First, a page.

Use Incoming Webhooks in SPFx app to send page feedback to Microsoft Teams channel.
Published on 13/12/2020
Leverage incoming webhooks to send updates to Microsoft Teams with simple easy integration with an app.
If you have been reading my blog posts you know by now I am obsessed with
I stumbled upon Incoming Webhooks, a built-in connector to send updates back to a channel in Teams once configured.
The good thing is, it is easy to set up and even more easy to design your messages you want to send through it. If you feel like you are not a pro-dev but can play with Adaptive cards then keep reading. If you are in IT and loves to script things up then you will like this too.
The documentation around these are easy enough for anyone to understand what they are but here is the blurb.
Incoming webhooks are special type of Connector in Teams that provide a simple way for an external app to share content in team channels and are often used as tracking and notification tools. Teams provides a unique URL to which you send a JSON payload with the message that you want to POST, typically in a card format. Cards are user-interface (UI) containers that contain content and actions related to a single topic and are a way to present message data in a consistent way.
Being just a POST operation with a JSON payload, you can use it in may be your
PowerAutomate actions or
cURL scripts ( see how you can do the scripts here ) or any web
app that can invoke a POST operation. Sound a little too easy right?
It is, which is why treating your webhook URL as a secret might be a good thing, same way as you would treat your PowerAutomate
When an HTTP request is received trigger. There are heaps of articles by the community on securing the url.
SPFx + Incoming Webhooks
Now for my
SPFx enthusiasts, I have made a small sample webpart which uses a small feedback form (nothing fancy) using
Adaptive cards which captures user feedback, if they choose to submit and sends the feedback to the channel where content authors can see. I am using
Incoming webhooks to send this notification.
The message sent is also an adaptive card. They are great when you want to attract some attention to your conversation than plain text.
The reason I chose an adaptive card over just creating a react form in the SPFx webpart was because I was lazy 🙃 and these cards are a quick win.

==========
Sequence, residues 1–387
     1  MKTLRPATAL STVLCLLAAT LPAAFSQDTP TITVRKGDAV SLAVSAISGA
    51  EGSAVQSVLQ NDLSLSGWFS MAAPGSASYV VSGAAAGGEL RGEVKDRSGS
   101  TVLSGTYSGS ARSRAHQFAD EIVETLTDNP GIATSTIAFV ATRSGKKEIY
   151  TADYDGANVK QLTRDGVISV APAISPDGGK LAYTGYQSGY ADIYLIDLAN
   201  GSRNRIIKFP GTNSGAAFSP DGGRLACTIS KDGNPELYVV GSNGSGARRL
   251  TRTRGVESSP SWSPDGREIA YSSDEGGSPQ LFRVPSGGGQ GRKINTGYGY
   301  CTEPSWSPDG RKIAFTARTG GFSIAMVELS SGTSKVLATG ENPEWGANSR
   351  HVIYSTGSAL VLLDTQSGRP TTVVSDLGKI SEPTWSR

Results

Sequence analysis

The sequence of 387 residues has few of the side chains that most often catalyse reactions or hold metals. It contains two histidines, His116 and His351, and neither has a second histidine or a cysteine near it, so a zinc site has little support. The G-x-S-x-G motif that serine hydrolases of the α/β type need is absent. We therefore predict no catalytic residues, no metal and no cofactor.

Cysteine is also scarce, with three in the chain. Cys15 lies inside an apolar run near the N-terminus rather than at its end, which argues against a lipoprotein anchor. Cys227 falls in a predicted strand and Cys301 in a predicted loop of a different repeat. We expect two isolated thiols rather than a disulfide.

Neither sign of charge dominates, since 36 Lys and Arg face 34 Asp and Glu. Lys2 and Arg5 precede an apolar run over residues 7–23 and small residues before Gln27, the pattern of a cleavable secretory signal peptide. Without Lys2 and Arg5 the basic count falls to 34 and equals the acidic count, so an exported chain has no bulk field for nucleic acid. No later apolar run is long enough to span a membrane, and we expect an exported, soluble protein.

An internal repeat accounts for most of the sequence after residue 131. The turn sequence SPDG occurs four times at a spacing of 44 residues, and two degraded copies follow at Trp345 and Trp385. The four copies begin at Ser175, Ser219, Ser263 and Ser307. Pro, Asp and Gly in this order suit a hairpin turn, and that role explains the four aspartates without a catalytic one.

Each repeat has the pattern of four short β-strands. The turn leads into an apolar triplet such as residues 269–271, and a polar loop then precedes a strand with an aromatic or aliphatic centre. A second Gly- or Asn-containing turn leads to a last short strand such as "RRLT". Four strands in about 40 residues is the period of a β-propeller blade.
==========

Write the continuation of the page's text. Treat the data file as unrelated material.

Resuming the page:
Sending the feedback to a channel where it can be tracked and responded to sounds more reasonable than sending emails that would clutter in the inbox of the content author, isn't it? This way the entire team has visibility as well, you could chat further there with the authors. It's all about collaboration and reducing the noise in multiple applications.
Check this out how it works out and you can build this EASILY!
The feedback webpart.
At first I configured the incoming webhooks, see here how to configure it to a Teams channel.
Then now that I have my URL, I can simply paste it into my webpart's settings. Just reminding you again this is for demo purpose, you should treat this URL as a secret.
The configuration is done and we can test the feedback form.
Now let's go ahead and give a feeback!
Here is the feeback form, and a user is giving a feedback for a page she found useful.
And in the feedback channel (may be a channel for content authors), they can see the feedback posted into the channel where we configured the webhook.
It's not just a one liner text but a card. The user information in right here in the card, the feedback is shown, and the link to the page that the user gave feedback on is deeplinked.
Everything the content author needs to take action is right here in the chat 💪🏾
The use of adaptive cards have really made the UI aspect pretty theme friendly as you can see the dark mode is already working with the same card. That is the beauty of Adaptive cards, build once, use in multiple apps retaining the native app's look and feel.
I am also using Microsoft Graph to pull out the user information to show more info of the user who sends the feedback. Here we are showing the job title, contact number and location using the sdk. This will make sure the content authors know who gave a feedback, what their role is etc.
Here is the source code for the above SPFx webpart.
If you find
Incoming Webhooks useful and is planning to use to send updates and notifications from your application, be it any application, then you should also join us on 16 Dec for the Learn Together event 🎉
Learn more about building apps for Teams.
There are so many more capabilities for you to explore and learn, so if you have not registered for the
Learn Together event I would suggest you do.
I will be hosting a session with the versatile Bob German exploring different ways you can integrate your app to Teams.
Thanks for reading, I hope you have a great holiday 🎄